It sounds a challenging brief. Not only that, but Elmley has a high turnover – up to 400 men are coming and going each month. Some, on remand waiting to be sentenced by local courts, others being transferred from other prisons as they are decategorised.

The average stay at Elmley is three to nine months. Mandy Huggins, head of education, has the task of planning all the courses prisoners attend and ensuring they are at capacity: “People join and then sometimes drop out. But we have to keep courses fully subscribed to run them. It’s a real challenge.”

Real job outcomes

It’s a strong testament, then, that the Willmott Dixon dry lining academy is one of Elmley’s most successful projects. The course runs four hours per day, every day for 4–6 weeks. Prisoners who complete it to a standard get a certificate ‘rubber stamped’ by Willmott Dixon. After this, they will be able to meet prospective employers at job fairs or apply for jobs that are posted in the prison employment office.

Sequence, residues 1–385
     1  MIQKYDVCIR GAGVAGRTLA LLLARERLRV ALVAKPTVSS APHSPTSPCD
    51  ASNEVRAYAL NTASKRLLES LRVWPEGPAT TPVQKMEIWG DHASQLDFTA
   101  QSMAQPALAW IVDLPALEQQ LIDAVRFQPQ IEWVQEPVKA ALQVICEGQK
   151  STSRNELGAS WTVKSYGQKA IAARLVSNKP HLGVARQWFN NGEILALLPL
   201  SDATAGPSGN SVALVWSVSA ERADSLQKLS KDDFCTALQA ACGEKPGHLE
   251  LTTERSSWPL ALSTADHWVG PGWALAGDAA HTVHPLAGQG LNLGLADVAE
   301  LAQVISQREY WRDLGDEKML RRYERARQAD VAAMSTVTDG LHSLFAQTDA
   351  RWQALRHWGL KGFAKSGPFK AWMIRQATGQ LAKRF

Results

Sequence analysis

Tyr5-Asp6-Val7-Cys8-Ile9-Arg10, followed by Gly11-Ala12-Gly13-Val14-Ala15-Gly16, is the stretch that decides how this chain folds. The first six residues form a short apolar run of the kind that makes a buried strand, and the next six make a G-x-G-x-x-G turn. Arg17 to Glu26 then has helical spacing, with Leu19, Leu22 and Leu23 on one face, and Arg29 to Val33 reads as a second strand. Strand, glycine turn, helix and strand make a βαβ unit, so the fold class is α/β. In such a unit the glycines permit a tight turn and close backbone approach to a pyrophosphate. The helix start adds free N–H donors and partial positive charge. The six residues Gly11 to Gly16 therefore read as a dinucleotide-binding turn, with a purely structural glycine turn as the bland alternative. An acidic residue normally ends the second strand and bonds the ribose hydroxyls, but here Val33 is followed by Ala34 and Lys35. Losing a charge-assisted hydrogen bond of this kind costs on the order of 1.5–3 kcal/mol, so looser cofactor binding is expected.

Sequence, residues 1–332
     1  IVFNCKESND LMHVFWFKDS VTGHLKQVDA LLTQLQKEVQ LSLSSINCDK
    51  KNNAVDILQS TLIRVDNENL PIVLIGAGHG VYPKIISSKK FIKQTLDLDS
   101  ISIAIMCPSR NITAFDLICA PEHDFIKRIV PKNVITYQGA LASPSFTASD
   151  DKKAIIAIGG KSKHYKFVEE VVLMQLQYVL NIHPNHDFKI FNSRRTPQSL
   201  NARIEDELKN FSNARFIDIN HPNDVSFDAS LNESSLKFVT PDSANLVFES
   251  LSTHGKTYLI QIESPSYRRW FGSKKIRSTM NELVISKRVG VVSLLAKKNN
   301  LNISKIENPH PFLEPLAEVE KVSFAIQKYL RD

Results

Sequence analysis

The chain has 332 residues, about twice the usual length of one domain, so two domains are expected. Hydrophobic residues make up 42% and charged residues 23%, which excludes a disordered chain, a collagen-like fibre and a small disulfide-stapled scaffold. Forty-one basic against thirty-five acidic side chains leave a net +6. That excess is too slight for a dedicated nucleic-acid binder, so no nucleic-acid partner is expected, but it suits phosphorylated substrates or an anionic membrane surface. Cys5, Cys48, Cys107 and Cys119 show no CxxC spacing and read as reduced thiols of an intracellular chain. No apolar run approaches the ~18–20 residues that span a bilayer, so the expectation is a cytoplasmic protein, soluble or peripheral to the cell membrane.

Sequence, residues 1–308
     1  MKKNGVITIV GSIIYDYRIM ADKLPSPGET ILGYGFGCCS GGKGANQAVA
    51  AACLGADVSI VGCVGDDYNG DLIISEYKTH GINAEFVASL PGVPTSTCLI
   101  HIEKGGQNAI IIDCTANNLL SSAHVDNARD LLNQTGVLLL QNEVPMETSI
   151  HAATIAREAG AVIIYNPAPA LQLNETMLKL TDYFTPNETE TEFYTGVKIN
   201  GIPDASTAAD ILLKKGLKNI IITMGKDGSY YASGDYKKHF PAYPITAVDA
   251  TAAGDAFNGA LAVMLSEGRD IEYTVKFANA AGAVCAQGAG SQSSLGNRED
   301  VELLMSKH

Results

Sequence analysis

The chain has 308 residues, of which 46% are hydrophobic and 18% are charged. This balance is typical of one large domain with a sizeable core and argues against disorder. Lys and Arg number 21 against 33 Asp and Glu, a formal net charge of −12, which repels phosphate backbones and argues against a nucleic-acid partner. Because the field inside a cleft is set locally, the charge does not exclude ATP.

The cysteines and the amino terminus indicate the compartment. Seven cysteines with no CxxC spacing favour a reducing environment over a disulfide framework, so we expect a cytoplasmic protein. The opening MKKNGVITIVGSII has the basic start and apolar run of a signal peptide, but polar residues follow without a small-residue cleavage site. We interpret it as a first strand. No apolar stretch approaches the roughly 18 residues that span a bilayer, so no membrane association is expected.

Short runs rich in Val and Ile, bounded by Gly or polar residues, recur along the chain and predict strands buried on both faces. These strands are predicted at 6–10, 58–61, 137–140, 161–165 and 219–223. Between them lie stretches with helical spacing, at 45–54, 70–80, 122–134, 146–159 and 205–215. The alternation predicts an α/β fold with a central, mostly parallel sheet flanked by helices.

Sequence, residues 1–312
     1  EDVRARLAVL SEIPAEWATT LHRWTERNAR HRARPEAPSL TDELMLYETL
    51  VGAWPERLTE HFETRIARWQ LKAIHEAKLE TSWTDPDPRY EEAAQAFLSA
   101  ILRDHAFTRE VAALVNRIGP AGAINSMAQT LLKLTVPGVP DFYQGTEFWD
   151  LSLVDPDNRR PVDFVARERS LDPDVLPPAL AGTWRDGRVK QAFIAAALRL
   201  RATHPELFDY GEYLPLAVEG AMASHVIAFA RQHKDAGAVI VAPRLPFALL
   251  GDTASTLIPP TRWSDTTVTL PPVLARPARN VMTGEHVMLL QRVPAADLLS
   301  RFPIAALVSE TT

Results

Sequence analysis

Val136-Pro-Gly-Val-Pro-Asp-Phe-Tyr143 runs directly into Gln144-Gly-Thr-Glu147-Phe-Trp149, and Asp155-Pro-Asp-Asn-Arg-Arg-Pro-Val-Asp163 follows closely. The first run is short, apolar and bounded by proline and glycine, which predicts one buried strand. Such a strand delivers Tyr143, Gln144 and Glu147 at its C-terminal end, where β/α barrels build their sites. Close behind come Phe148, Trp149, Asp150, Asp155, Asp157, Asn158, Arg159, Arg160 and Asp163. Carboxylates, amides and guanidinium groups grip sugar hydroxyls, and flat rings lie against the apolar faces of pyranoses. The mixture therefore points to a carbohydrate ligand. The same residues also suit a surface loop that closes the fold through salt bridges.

Joe says the discipline of a rigorous timetable tied with real job outcome possibilities can be life changing for prisoners. “It starts with someone who has no hope, someone who’s perhaps never worked, who’s never done anything except sit at home on their PlayStation for 20 years,” he explains. “They don’t believe that people will employ them. This course lets them see that people will. They don’t believe they have the skill set or ability to learn, and yet this course will give them a work ethic – they get up every day, they won’t [call in] sick. Instead of choosing to go to the gym they’ll come in and do the course.”

Joe Rook: “They [prisoners] don’t believe that people will employ them. This course lets them see that people will."

The dry lining academy is not just about technical accomplishment, it also teaches social skills: “Prisoners learn the behaviour of what’s required on a building site or for any other job,” says Joe, who was last year awarded an MBE (Member of the British Empire) for his work in helping to stop prisoners re-offending on release from jail. “They learn how to interact with each other. The prison environment is quite harsh and they learn that this is a work environment.”

The dry lining academy: a positive atmosphere

We head off to an outbuilding where the dry lining tuition takes place. Prisons are strange places. We pass an exercise yard, which is exactly as you would remember from films – but there the glamour ends, as prisoners are just walking round its high-walled perimeter for their daily exercise.

We pass a hall where men are meant to be assembling tea and sugar into bags – but the work is monotonous, and they peer at us with hostile curiosity. In short, it’s easy to see how hopeless it could feel to be in prison.